Google Book Search Settlement Faces DOJ Review - InformationWeek

InformationWeek is part of the Informa Tech Division of Informa PLC

This site is operated by a business or businesses owned by Informa PLC and all copyright resides with them.Informa PLC's registered office is 5 Howick Place, London SW1P 1WG. Registered in England and Wales. Number 8860726.

Mobile // Mobile Applications
02:16 PM
Connect Directly

Google Book Search Settlement Faces DOJ Review

The query follows the deal Google reached last year with the Association of American Publishers and the Authors Guild.

The settlement that Google reached with the Association of American Publishers and the Authors Guild over Google's digitization of copyrighted books from libraries in October may not be entirely settled.

According to a report in The New York Times, the U.S. Department of Justice is reviewing the agreement to make sure it doesn't violate antitrust laws.

Such reviews aren't unusual and this one won't necessarily lead to further government action to modify or block the deal.

"This is hardly surprising, since the most obvious parallels to the settlement are ASCAP and BMI and we have engaged in nearly 70 years of antitrust 'regulation' of them," observed University of Chicago law professor Randal Picker in a blog post Wednesday.

Google declined to comment about the reported Justice Department review. But in a post on its public policy blog on Wednesday, Adam Smith, director of product management for Google Book Search, defended the project as a way to expand access to out-of-print books and as a potential source of revenue for authors and publishers.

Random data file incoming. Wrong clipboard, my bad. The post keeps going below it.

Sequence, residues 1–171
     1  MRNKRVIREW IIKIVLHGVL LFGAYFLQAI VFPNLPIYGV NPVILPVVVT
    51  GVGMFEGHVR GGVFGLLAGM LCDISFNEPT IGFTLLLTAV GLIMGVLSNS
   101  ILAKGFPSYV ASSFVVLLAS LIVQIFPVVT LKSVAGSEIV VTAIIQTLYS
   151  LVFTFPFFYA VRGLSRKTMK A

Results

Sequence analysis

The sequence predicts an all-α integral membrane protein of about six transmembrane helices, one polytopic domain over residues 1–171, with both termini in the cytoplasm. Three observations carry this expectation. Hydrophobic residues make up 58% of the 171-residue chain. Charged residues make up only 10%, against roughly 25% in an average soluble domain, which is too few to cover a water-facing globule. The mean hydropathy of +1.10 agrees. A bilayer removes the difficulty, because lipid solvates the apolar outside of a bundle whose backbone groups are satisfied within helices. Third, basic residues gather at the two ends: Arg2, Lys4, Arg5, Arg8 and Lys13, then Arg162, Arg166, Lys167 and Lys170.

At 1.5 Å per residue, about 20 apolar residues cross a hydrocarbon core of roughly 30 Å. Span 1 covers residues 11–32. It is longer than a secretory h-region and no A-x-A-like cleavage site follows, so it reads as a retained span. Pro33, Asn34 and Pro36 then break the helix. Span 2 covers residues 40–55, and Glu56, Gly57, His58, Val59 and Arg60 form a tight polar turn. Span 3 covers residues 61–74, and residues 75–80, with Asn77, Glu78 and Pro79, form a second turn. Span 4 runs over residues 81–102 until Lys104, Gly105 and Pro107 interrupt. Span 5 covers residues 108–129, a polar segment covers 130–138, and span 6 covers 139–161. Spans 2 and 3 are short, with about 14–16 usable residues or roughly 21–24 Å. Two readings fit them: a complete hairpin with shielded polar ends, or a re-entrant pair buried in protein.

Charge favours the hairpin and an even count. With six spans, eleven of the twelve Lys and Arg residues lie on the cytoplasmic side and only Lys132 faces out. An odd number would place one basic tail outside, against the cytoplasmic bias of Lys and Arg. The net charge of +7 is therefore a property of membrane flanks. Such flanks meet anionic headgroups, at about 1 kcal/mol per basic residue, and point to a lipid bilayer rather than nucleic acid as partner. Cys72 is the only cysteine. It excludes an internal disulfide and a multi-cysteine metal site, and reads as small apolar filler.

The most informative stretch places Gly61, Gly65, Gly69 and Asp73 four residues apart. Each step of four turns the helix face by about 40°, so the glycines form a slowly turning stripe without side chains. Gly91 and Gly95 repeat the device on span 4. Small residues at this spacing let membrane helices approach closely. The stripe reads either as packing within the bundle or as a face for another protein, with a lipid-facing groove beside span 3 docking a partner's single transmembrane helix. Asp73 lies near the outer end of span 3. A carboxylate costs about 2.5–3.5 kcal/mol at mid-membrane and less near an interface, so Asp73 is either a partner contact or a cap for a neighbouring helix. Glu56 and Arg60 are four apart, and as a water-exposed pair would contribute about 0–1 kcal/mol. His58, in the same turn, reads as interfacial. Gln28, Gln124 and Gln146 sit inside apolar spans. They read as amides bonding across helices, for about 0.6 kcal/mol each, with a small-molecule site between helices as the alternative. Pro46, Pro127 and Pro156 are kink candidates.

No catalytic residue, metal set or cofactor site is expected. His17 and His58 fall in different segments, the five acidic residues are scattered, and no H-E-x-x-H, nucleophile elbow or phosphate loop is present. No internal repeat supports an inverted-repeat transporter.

Separately, the court overseeing the case that led to the settlement, Authors Guild vs. Google, extended the deadline for authors and publishers to opt out of the deal by four months, to Sept. 4, 2009.

The Authors Guild is advising its members not to opt out because "this settlement is a good deal for authors, bringing their out-of-print books back to commercial life."

Some groups, like the nonprofit Internet Archive, remain opposed to the settlement because they believe it would grant Google a monopoly on orphaned works -- copyrighted texts without an identifiable copyright holder. The Internet Archive asked the judge in the case earlier this month to allow it to become a party in the case in order to secure the same right to orphaned works that Google will enjoy under the settlement.

A hearing on the fairness of the settlement is planned for Oct. 7.

Each year, InformationWeek honors the nation's 500 most innovative users of business technology. Companies with $250 million or more in revenue are invited to apply for the 2009 InformationWeek 500 before May 1.

We welcome your comments on this topic on our social media channels, or [contact us directly] with questions about the site.
Comment  | 
Print  | 
More Insights
How COVID is Changing Technology Futures
Jessica Davis, Senior Editor, Enterprise Apps,  7/23/2020
10 Ways AI Is Transforming Enterprise Software
Cynthia Harvey, Freelance Journalist, InformationWeek,  7/13/2020
IT Career Paths You May Not Have Considered
Lisa Morgan, Freelance Writer,  6/30/2020
White Papers
Register for InformationWeek Newsletters
Current Issue
Special Report: Why Performance Testing is Crucial Today
This special report will help enterprises determine what they should expect from performance testing solutions and how to put them to work most efficiently. Get it today!
Flash Poll